2005 Bankruptcy Law Linked to Causes of U.S. Mortgage Meltdown

12 Jan 2005 Bankruptcy Law Linked to Causes of U.S. Mortgage Meltdown

The Kansas City Star reported today that three researchers at the Federal Reserve Bank of New York, in a study, assert that the Bankruptcy Abuse Prevention and Consumer Protection Act of 2005, known as BAPCPA, is the leading cause of the mortgage meltdown. They claim the legislation shifted the risk from credit card lenders to mortgage lenders.

Prior to BAPCPA, households could erase their credit card debt much easier than they can now by filing a Chapter 7 bankruptcy. The bankruptcy filing freed up income that homeowners could use to make mortgage payments. With the passage of BAPCPA, debtors are required to pass a means test before they can file a Chapter 7. If they don’t pass the means test, they must file a Chapter 13 bankruptcy and pay back some of their debt.

One of the three researchers, Donald Morgan, stated during a phone interview that he was “99 percent confident” that BAPCPA was a major reason for the foreclosure crisis and the falling house prices in the U.S. He went on to say that before the law was passed, consumers who over extended themselves could file bankruptcy to free up income to pay the mortgage.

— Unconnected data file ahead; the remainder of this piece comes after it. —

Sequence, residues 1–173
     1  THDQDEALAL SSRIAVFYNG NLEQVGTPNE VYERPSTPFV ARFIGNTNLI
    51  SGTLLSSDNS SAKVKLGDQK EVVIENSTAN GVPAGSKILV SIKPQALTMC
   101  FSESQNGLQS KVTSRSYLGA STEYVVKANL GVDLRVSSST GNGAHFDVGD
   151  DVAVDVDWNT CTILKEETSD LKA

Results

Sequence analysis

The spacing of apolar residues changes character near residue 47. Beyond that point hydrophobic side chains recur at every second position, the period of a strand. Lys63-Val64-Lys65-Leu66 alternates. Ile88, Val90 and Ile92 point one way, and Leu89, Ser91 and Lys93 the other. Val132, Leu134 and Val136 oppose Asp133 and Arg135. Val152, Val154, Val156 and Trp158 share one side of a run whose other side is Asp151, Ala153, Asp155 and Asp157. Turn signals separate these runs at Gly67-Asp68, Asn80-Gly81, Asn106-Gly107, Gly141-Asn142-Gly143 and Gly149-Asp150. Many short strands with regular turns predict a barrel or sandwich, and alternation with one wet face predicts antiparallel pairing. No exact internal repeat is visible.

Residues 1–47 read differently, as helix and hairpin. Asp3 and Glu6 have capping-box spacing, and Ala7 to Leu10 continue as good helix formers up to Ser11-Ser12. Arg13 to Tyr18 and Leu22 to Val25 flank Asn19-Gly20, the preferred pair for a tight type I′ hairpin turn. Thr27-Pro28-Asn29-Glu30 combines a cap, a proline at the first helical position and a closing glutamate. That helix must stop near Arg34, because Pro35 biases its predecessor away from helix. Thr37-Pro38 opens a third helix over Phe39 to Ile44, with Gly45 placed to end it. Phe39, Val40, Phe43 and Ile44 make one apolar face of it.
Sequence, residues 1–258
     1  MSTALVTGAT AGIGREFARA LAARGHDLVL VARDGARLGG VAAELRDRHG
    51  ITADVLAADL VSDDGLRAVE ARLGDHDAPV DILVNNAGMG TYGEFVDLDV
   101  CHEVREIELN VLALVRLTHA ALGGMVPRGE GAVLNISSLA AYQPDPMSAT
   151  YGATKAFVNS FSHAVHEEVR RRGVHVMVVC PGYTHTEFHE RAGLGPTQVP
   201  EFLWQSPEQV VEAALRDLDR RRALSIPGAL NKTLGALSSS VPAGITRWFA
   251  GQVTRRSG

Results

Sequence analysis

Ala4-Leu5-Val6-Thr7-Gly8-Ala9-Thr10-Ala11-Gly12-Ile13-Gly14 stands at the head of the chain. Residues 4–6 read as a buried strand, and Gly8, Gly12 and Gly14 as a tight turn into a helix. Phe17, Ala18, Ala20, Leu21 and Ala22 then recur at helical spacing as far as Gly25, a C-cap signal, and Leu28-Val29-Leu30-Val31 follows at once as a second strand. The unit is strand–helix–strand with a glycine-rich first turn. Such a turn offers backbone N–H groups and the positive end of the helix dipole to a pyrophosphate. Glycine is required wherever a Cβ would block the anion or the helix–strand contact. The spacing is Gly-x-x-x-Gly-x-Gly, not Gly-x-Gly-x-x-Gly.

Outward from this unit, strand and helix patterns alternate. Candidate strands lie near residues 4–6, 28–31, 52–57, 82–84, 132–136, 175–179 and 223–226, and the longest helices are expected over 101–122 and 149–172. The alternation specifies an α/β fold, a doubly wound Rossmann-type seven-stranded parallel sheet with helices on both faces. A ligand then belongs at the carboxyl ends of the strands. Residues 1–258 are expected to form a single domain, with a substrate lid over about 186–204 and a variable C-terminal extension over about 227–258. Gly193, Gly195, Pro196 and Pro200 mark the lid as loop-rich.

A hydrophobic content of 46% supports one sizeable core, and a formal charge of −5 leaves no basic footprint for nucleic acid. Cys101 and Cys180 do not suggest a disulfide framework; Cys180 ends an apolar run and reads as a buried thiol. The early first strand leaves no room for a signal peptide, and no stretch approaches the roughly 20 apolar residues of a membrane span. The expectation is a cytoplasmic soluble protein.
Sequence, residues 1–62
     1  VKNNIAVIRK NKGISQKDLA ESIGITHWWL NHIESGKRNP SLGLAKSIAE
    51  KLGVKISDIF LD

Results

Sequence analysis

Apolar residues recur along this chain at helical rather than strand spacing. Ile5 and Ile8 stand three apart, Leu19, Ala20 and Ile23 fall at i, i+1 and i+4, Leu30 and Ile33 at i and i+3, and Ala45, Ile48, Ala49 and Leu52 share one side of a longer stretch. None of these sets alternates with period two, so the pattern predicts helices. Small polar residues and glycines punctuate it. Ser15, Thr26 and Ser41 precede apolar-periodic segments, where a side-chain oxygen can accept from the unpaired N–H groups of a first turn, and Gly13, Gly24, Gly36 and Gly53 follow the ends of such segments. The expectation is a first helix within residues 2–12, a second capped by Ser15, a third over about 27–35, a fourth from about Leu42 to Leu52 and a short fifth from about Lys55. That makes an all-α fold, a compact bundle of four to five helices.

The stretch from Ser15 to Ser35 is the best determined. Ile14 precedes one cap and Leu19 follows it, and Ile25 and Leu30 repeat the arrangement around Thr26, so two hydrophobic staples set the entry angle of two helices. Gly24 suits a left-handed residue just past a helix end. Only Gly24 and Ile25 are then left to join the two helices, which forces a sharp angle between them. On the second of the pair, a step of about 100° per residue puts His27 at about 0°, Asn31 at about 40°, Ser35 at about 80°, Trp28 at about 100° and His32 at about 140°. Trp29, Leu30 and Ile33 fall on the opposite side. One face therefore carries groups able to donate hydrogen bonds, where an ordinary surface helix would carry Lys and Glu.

Under the current law, if they are unable to file Chapter 7, they are denied that escape route and are forced to continue paying unsecured creditors making it much more difficult to continue paying the mortgage. Mr. Morgan and his colleagues conclusions echo earlier findings that BAPCPA’s tougher requirements appear to have increased the number of people defaulting on their mortgages or walking away from their homes rather than seeking bankruptcy protection.

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Jay S. Fleischman is a bankruptcy lawyer with offices in Los Angeles and New York. He can often be found on Google+ and Twitter, where he shares information about consumer protection issues and personal finance.
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